By using that term, he’s expressing the hope — and the confidence — that the first edition of the Great New England Wings & Wheels event, slated for August 24 and 25 at Westover Metropolitan Airport, will be a bridge between the massive air shows staged over the past several decades at Westover Air Reserve Base and Barnes Municipal Airport in Westfield, and the ones to come in the future.
There won’t be any of those shows for the immediate future, said Shuback, president of the Galaxy Community Council, the charitable organization that has assisted the 439th Airlift Wing based at Westover and other military-related groups for more than 20 years, noting that federal budget sequestration has eliminated the use of military aircraft — and facilities — for such events.
So, in an effort to carry out its work within the community, which includes support to groups ranging from the Pioneer Valley USO to the Shriners Hospital for Children in Springfield, the Galaxy Council has retooled with Wings & Wheels, an event that will likely enable it to raise more money to support those aforementioned groups.Indeed, as Shuback explained, the council was not able to charge admission to the air shows, because they were staged on military installations, and thus relied much more on corporate sponsorships. It can, however, charge at the gate at Westover Metropolitan, and will do so ($10 for adults; children will be admitted free). With 20,000 or more people expected, this could be a highly successful fund-raiser.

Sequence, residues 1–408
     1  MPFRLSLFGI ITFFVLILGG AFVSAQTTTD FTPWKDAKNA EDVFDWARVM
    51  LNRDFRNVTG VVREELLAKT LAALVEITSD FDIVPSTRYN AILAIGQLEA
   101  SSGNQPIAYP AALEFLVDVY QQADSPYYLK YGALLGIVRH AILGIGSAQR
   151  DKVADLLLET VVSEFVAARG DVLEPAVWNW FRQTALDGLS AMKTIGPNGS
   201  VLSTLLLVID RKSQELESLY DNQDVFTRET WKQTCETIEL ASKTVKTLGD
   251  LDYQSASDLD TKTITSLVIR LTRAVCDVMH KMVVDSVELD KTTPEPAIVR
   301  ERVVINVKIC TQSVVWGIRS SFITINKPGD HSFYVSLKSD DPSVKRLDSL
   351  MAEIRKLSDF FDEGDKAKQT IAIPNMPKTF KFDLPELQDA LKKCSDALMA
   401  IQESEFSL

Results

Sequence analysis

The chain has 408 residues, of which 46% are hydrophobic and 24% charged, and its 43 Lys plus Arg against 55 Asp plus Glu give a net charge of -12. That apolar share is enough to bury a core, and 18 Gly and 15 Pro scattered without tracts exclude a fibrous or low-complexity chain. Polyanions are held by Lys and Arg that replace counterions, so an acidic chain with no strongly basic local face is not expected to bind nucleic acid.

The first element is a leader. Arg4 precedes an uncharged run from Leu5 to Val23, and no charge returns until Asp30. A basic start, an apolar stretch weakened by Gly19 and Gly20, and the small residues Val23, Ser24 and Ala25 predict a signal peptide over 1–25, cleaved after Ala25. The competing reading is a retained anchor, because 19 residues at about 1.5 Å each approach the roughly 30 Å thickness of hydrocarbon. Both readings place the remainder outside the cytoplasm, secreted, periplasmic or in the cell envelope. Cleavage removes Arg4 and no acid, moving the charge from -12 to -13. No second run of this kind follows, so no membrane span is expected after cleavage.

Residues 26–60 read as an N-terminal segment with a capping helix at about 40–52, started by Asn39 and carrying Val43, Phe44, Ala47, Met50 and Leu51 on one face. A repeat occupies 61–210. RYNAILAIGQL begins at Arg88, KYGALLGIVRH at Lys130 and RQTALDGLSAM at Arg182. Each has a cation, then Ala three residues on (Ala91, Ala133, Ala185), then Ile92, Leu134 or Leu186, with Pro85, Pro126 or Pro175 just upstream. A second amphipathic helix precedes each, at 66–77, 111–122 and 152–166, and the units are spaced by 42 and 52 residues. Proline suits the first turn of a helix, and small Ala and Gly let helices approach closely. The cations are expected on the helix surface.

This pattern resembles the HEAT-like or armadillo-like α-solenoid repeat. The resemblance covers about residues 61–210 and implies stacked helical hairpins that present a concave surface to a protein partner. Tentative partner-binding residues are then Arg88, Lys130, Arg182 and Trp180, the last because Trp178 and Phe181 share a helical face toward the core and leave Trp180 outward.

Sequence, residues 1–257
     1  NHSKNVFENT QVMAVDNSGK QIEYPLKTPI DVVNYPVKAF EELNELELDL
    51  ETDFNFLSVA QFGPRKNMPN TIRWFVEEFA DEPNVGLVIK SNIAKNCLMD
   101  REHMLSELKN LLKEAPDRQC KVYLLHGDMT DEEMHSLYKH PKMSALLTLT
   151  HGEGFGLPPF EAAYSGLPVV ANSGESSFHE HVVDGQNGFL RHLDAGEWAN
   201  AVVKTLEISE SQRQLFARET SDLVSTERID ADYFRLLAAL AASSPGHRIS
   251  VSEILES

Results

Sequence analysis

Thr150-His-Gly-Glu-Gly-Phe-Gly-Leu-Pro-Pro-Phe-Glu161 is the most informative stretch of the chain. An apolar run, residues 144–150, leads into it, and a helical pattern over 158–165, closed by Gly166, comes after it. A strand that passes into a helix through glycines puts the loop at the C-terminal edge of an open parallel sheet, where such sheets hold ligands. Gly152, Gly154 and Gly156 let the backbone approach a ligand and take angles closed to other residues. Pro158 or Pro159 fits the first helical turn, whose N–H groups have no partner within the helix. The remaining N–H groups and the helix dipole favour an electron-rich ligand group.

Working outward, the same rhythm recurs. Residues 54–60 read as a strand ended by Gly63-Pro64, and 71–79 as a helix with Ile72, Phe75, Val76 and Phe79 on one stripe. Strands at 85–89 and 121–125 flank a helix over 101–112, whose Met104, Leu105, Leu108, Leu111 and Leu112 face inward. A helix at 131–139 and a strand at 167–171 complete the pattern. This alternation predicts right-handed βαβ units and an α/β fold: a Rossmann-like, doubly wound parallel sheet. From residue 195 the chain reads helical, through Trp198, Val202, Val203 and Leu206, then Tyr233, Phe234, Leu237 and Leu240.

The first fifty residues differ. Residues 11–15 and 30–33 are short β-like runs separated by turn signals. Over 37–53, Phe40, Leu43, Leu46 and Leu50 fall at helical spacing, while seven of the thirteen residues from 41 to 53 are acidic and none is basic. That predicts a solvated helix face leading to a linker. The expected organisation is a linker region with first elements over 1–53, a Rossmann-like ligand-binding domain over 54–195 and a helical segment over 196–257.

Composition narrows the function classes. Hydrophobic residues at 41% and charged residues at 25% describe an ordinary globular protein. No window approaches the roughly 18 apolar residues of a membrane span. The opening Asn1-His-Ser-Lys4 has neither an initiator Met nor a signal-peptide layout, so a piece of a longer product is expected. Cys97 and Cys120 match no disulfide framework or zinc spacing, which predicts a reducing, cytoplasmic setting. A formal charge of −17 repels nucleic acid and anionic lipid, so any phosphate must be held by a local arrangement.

While Wings & Wheels will not feature acts like the Blue Angels or Thunderbirds, or the array of active military aircraft typical at previous air shows, it will have plenty to see, hear, and experience, said Shuback.
As the name suggests, there will be wings — static vintage and modern aircraft that will include several World War II-era models such as a B-25 Mitchell bomber, P-51 Mustang, F4U Corsair, TBM Avenger, and P-47 Thunderbolt, and several more modern planes.
And there will be wheels; indeed, more than 1,000 show cars are expected, representing every decade from the 1920s to the ’80s.
“This is a unique event that approximates an air show,” said Shuback, adding that Wings & Wheels represents the only chance area residents will have to see vintage aircraft because sequestration has resulted in the cancellation of all air shows in New England.
For more information on the event, visit www.greatnewenglandwingsandwheels.com.